• Business news publication Quartz is now a “fully distributed company” which means that all of its employees are allowed to work from anywhere they can legally employ people, and staff who live near its offices can choose when to go in.

Multi-step reopening strategy

  • Customer relationship management software company Salesforce kicked off its three-part return-to-office plan in April. The first part consists of volunteer groups of 100 or fewer people working on designated floors in selected offices, with onsite COVID testing twice a week and COVID health officers to assist employees. The second phase will see offices reopen from 20% to 75% capacity, depending on the COVID data rating and local guidance, and the third stage will be a full office reopening with up to 100% capacity. Vaccinations will still be encouraged and testing will be available where possible. 

Hybrid work/location models

New office designs

Around the world…


  • Infosys, an Indian IT company, turned to technology to manage a safe return-to office, including “AI-powered elevated body temperature screening,” social distancing and mask compliance through cameras, internal contact tracing apps, a “COVID chatbot” to answer employee questions about the pandemic, and hot-desking applications to help employees book a sanitized cubicle.

Hong Kong


  • Even after July 19, dubbed “Freedom Day” in England, when most of the country’s COVID-19 restrictions were loosened, big companies have been slow to fully return to office. For American investment management company Blackstone, employees in the London office must wear masks and social distance while in the office, though disclosing their vaccination status remains optional.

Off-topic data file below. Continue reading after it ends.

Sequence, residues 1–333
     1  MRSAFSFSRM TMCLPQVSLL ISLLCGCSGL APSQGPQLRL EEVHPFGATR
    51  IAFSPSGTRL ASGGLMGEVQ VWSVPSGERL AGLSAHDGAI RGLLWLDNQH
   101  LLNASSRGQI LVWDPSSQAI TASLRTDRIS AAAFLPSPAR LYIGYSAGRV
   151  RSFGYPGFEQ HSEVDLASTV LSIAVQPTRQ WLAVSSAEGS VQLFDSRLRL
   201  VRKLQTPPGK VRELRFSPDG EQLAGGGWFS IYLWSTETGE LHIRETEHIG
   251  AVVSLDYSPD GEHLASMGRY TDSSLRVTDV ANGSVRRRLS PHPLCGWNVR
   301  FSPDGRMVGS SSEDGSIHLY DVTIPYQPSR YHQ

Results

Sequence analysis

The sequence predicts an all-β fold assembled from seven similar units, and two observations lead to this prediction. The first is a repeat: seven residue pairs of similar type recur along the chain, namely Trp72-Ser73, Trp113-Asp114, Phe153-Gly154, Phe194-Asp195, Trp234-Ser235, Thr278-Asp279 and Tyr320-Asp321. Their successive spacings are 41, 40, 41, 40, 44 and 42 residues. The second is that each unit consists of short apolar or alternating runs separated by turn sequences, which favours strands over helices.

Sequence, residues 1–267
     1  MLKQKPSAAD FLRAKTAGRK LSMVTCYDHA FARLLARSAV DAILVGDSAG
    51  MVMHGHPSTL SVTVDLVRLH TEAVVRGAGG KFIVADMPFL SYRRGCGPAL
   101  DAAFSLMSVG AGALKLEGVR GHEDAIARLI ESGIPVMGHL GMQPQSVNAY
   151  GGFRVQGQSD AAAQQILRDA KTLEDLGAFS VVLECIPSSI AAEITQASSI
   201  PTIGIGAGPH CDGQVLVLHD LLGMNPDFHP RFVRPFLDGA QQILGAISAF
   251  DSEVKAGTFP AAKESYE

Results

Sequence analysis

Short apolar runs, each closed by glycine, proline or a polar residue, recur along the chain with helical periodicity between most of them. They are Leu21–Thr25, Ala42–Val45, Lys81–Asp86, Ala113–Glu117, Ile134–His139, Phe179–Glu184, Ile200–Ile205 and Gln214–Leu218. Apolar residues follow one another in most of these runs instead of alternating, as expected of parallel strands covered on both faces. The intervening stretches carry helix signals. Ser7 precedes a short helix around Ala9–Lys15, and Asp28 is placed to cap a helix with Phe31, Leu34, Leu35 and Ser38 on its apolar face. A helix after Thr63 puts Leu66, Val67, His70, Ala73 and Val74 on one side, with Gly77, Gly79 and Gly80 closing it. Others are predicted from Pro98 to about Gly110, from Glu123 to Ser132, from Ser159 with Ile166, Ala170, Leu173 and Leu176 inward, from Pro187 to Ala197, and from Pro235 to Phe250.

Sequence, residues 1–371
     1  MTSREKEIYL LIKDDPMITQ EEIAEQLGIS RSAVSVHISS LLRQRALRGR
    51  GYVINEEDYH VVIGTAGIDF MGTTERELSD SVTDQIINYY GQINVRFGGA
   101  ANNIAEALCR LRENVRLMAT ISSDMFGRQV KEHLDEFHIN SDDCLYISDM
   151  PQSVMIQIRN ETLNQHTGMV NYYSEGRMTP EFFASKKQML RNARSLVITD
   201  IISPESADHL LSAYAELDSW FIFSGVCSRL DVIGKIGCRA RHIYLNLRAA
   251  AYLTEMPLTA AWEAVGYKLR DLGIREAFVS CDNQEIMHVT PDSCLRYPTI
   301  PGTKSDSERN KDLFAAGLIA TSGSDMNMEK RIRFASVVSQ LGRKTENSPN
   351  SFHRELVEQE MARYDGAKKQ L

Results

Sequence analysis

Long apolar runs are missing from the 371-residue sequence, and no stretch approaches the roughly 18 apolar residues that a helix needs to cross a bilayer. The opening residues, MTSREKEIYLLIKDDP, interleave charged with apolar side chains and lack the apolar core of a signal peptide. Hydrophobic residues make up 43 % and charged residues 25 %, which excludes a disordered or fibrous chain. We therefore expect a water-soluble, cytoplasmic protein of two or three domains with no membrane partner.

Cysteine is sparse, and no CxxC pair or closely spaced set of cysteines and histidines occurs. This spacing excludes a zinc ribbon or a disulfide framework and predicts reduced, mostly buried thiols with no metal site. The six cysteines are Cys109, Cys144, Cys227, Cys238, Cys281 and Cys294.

• In the London headquarters of consumer products conglomerate Unilever, employees are required to wear masks while walking around the building but not at their desks. Social distancing guidelines remain in place, capping how many people can be at work.



  • Brighte, a Sydney-based company that helps homeowners fund home improvement projects, saw employees returning to the office by June of last year, with desks spaced farther apart, lower maximum capacities for meeting rooms and hand sanitizer dispensers installed throughout the office. The company has been flexible with allowing its employees to work from home a few days a week, depending on individual and team needs. Brighte CEO and founder Katherine McConnell says she tries not to schedule company-wide meetings and social events on days like Friday, when more people tend to work from home. Additionally, all meeting invites include an option to join by Zoom, and if someone specifically wants to host an in-person meeting, they let everyone know in advance.


It’s clear that there are a variety of factors that companies must consider when planning for in-person work again, from employees’ personal needs, office layout and vaccination status to local case counts and hospitalization numbers. As countries around the world grapple with rising cases, companies must remain nimble and adaptable when planning for their return to office. 


For media enquiries, please contact Nina Rafeek Dow, Marketing + Communications Specialist at the Brookfield Institute for Innovation + Entrepreneurship.